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100 Iraqis Reportedly Killed at Airport

100 Iraqis Reportedly Killed at Airport

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OUTSKIRTS OF BAGHDAD, Iraq (AP) -- U.S. forces fended off attacks by Iraqi fighters roaming the edges of Baghdad's airport in a seven-hour battle, then crushed similar but sporadic raids Monday. U.S. commanders estimated that 150 Iraqis were killed, but there were no U.S. casualties.

The fighting began hours after a giant C-130 transport plane landed -- the first known arrival of a U.S. plane in the Iraqi capital since the airport fell into American hands last week.

Inside a VIP building, the troops found a hideaway believed to have been used by President Saddam Hussein. It features a rose garden, a hand-carved mahogany door, gold-plated bathroom fixtures and an office with a false door that leads to the basement, where soldiers found weapons.

The battle between members of the Army's 101st Airborne Division and uniformed Iraqi soldiers began just before sundown Sunday, with probing attacks from the Iraqis at the perimeter of the 13-square-mile airport.

The Americans called in artillery and airstrikes. A bomb aimed at a crane at a palace near the airport missed its target but knocked off a sniper and damaged the palace.

That initial battle ended around 1 a.m. Monday, but Iraqi soldiers -- shooting mortars and direct fire -- tried to breach the perimeter of the airport six more times through the night, according to Lt. Col. Lee Fetterman, commander of the 3rd Battalion, 3rd Brigade of the 101st Airborne.

All of that fighting raged within 1,000 yards, but some Iraqis got as close as 200 yards to U.S. troops. American commanders called in the Air Force to bomb two Iraqi military compounds near the airport, then used TOW missiles to take out three observation towers where Iraqis had been directing the attacks.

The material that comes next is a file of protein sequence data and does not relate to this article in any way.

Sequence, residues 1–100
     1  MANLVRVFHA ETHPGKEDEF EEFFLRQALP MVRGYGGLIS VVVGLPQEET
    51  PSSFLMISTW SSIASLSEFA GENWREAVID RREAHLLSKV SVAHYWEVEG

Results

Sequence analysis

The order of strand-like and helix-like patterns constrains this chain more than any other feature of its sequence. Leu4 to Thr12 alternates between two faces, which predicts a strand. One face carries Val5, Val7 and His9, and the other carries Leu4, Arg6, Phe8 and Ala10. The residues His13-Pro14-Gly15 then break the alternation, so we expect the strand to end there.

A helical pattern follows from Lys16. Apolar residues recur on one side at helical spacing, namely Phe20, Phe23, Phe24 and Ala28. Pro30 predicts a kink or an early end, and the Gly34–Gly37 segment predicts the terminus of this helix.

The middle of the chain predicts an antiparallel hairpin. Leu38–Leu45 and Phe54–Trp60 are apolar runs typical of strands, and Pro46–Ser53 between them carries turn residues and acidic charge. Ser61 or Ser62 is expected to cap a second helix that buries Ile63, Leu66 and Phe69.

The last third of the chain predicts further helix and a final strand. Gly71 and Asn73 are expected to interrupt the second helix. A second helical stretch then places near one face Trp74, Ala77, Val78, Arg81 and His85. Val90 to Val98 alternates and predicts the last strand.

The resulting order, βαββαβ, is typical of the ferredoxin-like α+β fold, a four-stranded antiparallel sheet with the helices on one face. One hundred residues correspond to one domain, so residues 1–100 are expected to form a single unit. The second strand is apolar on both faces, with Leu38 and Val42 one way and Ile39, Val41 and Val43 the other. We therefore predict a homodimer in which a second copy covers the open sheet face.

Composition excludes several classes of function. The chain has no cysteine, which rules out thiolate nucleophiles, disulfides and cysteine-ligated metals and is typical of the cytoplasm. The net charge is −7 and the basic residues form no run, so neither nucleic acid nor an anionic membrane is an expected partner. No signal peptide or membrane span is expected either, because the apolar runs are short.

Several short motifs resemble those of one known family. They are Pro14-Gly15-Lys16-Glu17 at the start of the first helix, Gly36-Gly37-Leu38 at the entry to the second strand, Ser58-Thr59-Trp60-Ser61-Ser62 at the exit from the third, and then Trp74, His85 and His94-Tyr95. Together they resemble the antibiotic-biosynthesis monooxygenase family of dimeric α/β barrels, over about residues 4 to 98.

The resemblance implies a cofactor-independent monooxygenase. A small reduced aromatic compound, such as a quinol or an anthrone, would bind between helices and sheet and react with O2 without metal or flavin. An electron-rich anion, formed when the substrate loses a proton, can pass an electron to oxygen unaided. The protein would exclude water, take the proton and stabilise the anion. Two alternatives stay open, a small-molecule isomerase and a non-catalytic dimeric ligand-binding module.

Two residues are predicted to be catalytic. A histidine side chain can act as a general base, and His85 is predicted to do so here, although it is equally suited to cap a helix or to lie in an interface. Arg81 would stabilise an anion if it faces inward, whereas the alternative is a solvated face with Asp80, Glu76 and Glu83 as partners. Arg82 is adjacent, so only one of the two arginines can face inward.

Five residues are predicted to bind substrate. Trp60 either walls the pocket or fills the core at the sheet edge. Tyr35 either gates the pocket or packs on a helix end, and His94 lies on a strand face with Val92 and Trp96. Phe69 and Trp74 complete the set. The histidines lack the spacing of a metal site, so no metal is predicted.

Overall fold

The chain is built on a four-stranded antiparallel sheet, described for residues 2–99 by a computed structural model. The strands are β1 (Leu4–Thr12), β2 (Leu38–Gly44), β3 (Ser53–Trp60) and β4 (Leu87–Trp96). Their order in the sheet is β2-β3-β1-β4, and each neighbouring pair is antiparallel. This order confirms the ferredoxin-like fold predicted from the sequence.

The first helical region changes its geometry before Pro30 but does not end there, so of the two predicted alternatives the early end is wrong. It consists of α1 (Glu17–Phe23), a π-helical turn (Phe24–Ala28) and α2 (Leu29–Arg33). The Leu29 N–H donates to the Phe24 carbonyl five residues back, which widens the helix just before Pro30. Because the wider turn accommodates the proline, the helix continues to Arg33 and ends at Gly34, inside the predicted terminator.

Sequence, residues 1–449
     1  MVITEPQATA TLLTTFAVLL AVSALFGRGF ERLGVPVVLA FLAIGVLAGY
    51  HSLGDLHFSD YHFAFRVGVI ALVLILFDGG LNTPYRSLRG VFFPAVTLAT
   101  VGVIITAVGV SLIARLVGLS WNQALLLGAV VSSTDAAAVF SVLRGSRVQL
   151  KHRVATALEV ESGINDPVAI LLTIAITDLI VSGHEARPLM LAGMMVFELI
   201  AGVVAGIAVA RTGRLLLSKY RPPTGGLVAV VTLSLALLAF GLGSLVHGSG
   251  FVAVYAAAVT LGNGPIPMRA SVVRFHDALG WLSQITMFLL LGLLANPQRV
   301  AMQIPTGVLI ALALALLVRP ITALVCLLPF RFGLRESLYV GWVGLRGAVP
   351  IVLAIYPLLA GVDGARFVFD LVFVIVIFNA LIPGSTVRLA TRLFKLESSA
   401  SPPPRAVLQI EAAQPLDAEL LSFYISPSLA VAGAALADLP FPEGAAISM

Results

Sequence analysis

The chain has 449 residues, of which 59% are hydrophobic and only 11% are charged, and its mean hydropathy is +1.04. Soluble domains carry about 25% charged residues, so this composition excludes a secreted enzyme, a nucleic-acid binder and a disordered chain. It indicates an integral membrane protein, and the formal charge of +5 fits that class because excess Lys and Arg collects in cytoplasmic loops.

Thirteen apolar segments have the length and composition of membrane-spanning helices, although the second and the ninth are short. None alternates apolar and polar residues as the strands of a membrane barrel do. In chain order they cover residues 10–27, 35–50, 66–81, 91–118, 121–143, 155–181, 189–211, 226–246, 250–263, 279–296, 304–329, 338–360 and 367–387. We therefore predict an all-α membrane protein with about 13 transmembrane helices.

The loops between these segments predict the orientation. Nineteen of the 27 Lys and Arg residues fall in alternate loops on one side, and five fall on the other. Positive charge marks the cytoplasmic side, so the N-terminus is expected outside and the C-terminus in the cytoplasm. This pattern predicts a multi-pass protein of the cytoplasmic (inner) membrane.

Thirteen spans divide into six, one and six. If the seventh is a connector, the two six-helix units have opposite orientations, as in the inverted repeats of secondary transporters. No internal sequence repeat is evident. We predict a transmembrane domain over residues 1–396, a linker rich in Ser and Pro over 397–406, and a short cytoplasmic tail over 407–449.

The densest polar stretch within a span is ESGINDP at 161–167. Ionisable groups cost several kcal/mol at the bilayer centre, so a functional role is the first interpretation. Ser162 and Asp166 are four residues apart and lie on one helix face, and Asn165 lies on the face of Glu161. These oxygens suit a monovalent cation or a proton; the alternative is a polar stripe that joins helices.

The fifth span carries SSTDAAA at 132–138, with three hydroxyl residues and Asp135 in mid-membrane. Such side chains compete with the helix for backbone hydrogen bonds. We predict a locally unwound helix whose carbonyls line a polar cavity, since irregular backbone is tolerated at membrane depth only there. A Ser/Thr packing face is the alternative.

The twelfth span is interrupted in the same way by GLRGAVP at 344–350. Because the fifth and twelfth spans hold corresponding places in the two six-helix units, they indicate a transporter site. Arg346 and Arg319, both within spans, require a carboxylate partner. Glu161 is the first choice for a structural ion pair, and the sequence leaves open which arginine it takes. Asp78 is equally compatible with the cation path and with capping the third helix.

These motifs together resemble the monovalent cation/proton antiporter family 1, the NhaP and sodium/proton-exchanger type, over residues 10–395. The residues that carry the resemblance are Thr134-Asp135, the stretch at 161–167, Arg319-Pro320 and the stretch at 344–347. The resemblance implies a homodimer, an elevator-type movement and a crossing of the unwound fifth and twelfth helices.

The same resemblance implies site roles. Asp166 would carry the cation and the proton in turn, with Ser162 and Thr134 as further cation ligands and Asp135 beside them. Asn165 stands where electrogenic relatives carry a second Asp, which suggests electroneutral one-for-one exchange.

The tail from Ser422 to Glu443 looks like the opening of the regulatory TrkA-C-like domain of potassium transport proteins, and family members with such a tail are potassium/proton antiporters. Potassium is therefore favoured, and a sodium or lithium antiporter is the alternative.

The airport, captured in an all-night battle last week, is expected to be a major resupply base for American forces and a key to channeling aid to Iraqi civilians. It offers critical landing strips that will let the military hopscotch over the 350-mile supply line that stretches from the capital to U.S. bases in Kuwait.

Troops of the 101st fortified their position at the airport Sunday, digging trenches and bulldozing sand berms. Two weapons caches -- including one with 12 crates of shoulder-fired missiles -- were found just outside the airport grounds. Troops also found 35 French-made Roland surface-to-air missiles in the airport complex.

"It's fine right now," Staff Sgt. Jeremy Reed, 29, of Dothan, Ala., said as blasts of artillery fire whizzed overhead. "We know who's shooting at who."

(Copyright 2003 by The Associated Press. All Rights Reserved.)

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